The fact that it is Truffaut who plays the doctor carries great significance on a variety of levels. Film, as the new medium of mass image-making, exercises the same force of normalizing judgment that science is capable of. To witness a director and critic, embed himself in the problematic framework of filmmaking in order to call for extrication from it, poses an irreconcilable conflict that the next few films help to flesh out. Truffaut, by starring in his film, doubly exerts his agency in the creation of the film and in the creation of the anti-indoctrination message of the film. He makes himself, in the fictional world as the doctor, in the role as actor, and in the role as director, the indoctrinating agent just as he consistently objects to the very method he employs to bring about the anti-indoctrination indoctrination.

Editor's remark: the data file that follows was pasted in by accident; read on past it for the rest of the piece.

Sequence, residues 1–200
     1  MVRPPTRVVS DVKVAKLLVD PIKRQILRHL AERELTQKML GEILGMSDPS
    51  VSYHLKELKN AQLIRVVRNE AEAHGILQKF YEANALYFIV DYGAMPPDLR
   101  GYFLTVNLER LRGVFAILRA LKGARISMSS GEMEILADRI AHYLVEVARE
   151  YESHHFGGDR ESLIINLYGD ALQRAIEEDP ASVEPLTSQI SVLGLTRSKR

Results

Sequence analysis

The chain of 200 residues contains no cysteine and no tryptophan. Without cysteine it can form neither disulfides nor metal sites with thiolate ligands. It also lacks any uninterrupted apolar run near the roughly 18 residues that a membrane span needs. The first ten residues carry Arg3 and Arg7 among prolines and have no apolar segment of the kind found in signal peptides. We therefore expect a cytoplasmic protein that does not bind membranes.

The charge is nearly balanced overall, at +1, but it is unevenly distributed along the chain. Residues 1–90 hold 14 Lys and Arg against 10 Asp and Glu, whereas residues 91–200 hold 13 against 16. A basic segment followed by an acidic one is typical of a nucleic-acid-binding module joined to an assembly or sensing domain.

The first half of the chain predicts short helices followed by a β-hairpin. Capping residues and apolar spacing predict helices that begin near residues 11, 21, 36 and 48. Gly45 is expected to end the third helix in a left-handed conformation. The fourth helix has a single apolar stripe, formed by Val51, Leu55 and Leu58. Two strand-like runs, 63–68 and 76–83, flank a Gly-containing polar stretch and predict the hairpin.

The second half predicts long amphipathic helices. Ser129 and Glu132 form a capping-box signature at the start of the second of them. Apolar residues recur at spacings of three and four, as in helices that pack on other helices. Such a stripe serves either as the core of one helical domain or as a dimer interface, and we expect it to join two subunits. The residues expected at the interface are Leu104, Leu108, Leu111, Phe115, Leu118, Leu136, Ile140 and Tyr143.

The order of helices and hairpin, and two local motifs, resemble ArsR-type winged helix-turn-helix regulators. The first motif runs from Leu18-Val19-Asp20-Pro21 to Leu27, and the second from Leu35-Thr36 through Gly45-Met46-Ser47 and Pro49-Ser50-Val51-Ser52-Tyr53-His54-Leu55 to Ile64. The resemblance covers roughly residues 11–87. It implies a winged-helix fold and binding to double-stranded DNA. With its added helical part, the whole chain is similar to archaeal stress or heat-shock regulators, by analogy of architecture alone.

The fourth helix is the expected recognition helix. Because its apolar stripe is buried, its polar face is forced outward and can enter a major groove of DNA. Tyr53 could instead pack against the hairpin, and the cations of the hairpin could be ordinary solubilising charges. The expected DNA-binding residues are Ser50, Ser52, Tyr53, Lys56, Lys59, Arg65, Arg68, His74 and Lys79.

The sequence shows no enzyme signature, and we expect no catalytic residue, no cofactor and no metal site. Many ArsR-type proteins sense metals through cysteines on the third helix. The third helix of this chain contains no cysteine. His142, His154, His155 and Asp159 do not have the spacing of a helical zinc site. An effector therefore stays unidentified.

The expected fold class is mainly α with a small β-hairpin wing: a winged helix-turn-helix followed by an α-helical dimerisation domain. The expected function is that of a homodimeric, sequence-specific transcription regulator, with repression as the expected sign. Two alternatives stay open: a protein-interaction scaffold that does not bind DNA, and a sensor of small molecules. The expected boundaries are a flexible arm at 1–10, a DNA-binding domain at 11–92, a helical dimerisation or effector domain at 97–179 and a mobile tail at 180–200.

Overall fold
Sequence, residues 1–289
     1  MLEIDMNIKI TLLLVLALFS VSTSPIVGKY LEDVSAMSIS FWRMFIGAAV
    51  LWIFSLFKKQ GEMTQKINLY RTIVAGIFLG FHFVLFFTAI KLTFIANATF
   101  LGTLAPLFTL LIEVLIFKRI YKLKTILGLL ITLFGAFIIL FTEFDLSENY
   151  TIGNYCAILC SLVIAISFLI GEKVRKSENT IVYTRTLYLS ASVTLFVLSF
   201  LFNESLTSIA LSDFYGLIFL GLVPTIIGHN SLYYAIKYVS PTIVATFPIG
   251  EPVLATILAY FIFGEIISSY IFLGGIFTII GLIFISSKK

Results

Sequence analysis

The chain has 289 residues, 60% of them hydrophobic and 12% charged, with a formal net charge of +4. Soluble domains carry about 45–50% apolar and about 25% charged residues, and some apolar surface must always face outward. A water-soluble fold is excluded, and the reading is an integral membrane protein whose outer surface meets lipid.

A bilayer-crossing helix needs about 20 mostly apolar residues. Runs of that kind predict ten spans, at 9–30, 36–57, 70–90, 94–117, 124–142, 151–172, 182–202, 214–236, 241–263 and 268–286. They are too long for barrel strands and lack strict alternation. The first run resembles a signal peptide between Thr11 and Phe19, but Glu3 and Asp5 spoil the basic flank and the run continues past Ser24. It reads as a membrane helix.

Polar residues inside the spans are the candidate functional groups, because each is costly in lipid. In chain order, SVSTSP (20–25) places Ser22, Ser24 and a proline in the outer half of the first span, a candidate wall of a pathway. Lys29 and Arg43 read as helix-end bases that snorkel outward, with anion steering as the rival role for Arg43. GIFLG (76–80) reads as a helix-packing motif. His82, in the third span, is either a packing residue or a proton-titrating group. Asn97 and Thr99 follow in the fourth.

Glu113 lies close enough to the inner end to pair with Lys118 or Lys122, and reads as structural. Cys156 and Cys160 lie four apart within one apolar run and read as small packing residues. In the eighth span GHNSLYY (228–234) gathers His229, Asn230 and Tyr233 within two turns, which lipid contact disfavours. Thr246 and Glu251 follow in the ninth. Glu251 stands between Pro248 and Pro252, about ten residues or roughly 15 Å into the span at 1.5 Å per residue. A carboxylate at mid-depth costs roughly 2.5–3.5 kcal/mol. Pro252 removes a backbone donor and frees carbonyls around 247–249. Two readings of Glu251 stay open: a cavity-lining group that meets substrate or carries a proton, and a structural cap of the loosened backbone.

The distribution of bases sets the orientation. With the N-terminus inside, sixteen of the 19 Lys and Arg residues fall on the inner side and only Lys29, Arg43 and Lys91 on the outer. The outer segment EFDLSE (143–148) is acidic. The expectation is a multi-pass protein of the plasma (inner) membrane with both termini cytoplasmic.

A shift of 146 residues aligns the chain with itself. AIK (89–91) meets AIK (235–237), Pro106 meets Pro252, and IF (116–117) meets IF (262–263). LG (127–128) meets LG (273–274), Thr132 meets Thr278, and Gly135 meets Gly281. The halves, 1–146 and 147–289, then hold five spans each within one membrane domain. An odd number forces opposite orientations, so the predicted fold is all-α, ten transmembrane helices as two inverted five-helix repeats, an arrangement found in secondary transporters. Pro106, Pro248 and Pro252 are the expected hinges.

Carroll Reed’s world in The Third Man is laden with an equally bleak view of prevailing power structures. In a decaying post-war Vienna, the bureaucracies of the local and state police prevent any true human compassion from infiltrating the hierarchies which dictate orders. As Anna Schmidt (Alida Valli) summarized nicely when speaking to the immigration patrolman, “I don’t even know what orders mean anymore,” to which the patrolman replies, “Neither do I.” But this is not to say the bureaucracy is the only force which is stifling meaningful human action and interaction. Holly Martins (Joseph Cotton) is the embodiment of the living ghost. This American writer is utterly ineffectual in his attempts to resurrect his dead friend, or more accurately to raise the veil of mystery surrounding his death. He is driven by other’s actions, whether they are that of the ferocious cab driver leading him to speak at a radio book review where his academic legitimacy will be torn apart or whether he is wavering under the advice of Anna Schmidt and Major Calloway (Trevor Howard) as to whether or not to capture Harry Lime (Orson Welles). He is only able to pull the trigger on Lime after getting a veritable nod of approval from the crippled man. Lime, the only character who seems to exert supreme agency uses it purely for his own good and literally utilizes the fruits of science to wield power over the bodies of men. In this way writer Graham Greene, unlike Truffaut, maintains a disconcerting view of unbridled human nature. Welles, a free spirit, free of bureaucratic workings, commits great atrocities, while all the “black dots” in the bureaucracy have to content themselves with committing smaller one. The hero, if there is one, must then be Major Calloway, who works within an impotence-ridden system to the best of his ability to do what he believes, and what writer Graham Green believes, is just and good. But ultimately, this act of justice leads to just another death in the ferris-wheel of life where all actions travel from start back to start with no real positive advance. The final image of the movie encapsulates this bleak view of human institutions and human nature. Holly Martins stands at the start of a long roadway extending interminably into the distance lined with castrated trees shedding leaves from some indeterminate source. Holly stands smoking a cigarette and watches helpless as his love Anna walks right by him and out of the frame, down the vaginal expanse and away from him. Indeed, Reed’s film demonstrates the inescapable impotence of humanity and its irrevocable movement towards fruitlessness and death. This ending, one should add, is not that of Greene, who wanted Anna to turn to Holly in the final scene and go off with him, in an act of regeneration and hope. David Thomson quotes Greene saying that film is “Too light an affair to carry the weight of an unhappy ending”. Reed exerted force to get his melancholy ending through and unlike Truffaut who maintained a romantic hope for the state of nature, posited a tragic fundamentally disconnected position of individuals alone and in greater human society.